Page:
Appendix:    More information about rules for liquids in luggage

I won’t guarantee anything.  Even the TSA doesn’t guarantee anything.  Luggage rules can change at a moment’s notice, as people discovered on the day that liquids were first banned.  But what I can do is to cut through the confusion – a little bit – at the moment that I’m writing this.  Still, you must be prepared to deal with TSA staff who are not scientists, lawyers, or hydraulic engineers.  Some of the horror stories on the internet from wrongly screened passengers read like bad jokes.  Example:  total cosmetic limit of 3 ounces – enforced.  Everything else in the trash.  Example:  every single item taken out of the plastic bag and placed in a separate bin for scanning.  Etc.  One of the best pieces of advice I’ve seen is this one.  Be prepared to say “I want to speak to the supervisor”.  But be kind about it – everybody has a first day on the job.

The most important point is this.  The real limit is 3.4 ounces per bottle, even though TSA always says “3 oz”.  TSA didn’t think Americans could handle the internationally agreed limit of “100 mL”, for whatever reason, and they also decided to round off – possibly so their little “3-1-1” thing would work.  But in any case, if you look at TSA’s international brochures for the 3-1-1 program, you’ll see that they equate 3 ounces with 100 mL.  TSA employees (off the record, on various forums) also swear that it’s 3.4 ounces, which is almost exactly 100 mL.  So stick to your guns on your 3.4 oz Amouage, but know that you can’t win on your 4 oz Creed, so don’t even try packing it.  And yes, there are reports on the internet of people getting by with 3.5 or 3.6 ounces, but don’t count on it.  The same human error that lets 3.5 ounces go by, may demand that you dump 3.2 ounces, and while you will win if you take 3.2 ounces to the supervisor, you will lose on 3.5.  And don’t even think that any “used” portion will be prorated for your benefit.  It won’t, if they follow the rules.  Your near-empty 4-ounce Creed will get tossed, but 3.4 ounces of unused Paris Hilton Can-Can will sail on by.  Ah, there’s no justice.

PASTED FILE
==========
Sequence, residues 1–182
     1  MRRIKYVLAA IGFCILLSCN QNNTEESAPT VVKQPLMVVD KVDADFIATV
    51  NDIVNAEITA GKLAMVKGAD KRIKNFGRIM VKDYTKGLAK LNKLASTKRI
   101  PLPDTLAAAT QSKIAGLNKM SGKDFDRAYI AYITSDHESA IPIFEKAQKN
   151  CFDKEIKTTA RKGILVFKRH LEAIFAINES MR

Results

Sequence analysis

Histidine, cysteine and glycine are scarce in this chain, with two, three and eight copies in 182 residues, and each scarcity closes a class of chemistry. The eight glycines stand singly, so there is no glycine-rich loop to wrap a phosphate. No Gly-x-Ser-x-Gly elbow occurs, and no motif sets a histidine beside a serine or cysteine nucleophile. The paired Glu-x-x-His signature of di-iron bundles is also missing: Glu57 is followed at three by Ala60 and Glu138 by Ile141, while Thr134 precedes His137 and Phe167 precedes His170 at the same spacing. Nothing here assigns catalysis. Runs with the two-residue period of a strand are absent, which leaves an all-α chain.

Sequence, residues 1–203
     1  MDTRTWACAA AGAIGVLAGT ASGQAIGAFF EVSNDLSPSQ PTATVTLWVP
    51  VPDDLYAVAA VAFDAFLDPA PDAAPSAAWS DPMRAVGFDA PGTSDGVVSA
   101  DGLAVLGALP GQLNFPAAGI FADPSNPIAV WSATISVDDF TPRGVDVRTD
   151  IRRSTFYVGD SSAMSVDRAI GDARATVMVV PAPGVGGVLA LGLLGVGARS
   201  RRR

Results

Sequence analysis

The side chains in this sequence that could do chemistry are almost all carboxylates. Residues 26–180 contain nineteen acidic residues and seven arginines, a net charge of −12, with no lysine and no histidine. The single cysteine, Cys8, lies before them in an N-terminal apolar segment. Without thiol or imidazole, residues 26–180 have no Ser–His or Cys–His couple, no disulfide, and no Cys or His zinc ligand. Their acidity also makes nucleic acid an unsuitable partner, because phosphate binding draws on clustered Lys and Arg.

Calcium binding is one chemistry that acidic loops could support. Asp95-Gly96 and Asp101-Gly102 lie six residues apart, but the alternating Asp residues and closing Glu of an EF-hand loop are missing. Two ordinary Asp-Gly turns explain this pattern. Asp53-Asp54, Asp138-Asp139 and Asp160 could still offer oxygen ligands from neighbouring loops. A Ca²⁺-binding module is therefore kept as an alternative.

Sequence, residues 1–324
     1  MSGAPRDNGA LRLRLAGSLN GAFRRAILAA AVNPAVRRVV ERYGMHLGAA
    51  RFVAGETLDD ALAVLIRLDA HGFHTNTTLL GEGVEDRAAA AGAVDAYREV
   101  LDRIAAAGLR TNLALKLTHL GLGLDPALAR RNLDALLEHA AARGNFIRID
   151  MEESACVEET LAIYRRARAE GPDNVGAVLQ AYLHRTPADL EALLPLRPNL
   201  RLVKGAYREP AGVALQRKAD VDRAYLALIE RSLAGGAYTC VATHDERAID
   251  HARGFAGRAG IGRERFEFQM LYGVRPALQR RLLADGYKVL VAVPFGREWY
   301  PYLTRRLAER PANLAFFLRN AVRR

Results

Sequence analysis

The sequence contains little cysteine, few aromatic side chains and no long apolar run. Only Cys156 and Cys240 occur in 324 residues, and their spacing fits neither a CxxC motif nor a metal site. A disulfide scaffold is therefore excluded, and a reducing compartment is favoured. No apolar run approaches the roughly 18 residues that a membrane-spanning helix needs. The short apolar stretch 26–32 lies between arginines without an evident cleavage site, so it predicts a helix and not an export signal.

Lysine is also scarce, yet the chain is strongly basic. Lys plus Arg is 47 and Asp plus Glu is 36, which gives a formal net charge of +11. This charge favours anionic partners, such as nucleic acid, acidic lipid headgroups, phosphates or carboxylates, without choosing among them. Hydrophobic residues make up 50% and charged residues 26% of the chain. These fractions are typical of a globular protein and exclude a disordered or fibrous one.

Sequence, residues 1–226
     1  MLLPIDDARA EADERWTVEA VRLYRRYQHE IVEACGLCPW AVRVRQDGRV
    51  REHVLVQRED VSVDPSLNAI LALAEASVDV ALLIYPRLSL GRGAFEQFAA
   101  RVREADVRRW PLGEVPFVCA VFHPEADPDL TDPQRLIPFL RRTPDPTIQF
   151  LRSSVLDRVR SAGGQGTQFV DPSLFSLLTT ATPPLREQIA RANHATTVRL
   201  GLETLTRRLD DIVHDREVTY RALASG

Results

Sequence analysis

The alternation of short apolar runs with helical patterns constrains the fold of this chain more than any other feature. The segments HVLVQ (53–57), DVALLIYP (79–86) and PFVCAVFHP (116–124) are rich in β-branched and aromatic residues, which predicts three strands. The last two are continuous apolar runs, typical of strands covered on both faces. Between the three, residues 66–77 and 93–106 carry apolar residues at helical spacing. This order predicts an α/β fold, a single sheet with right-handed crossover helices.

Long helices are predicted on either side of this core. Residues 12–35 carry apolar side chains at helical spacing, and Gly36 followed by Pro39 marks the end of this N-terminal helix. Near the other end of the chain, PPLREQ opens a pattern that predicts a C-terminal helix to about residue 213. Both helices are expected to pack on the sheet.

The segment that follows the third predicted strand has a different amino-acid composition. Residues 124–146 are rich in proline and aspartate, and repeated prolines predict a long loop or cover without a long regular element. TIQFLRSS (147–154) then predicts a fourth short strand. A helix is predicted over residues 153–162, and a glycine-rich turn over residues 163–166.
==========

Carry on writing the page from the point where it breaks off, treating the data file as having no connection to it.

Now a smart-ass is likely to say something like “what if you put the 15 mL of Creed into an atomizer?”  My advice on that score would be “good idea, but at your own risk”.  You see, original containers just seem to pass security checks more easily, and there are still stories of non-original containers getting zapped.  A nice Sephora purse atomizer may get a pass, but it may not.  My atomizers went by.  Yours may not.  I will not guarantee cologne out of its original container.  My guess is that it will usually fly, but if it’s close to 100 mL, or you’re far from your home country, where you don’t want to make a big stink, you could be in trouble.  Off the record, TSA personnel say that you can use your own, non-original containers, but that new or confused agents may think you can’t.  Be prepared to take the issue to the supervisor if need be.

So, there you have it.  I’ll just add one final disclaimer.  This is only what I discovered.  Your miles may vary.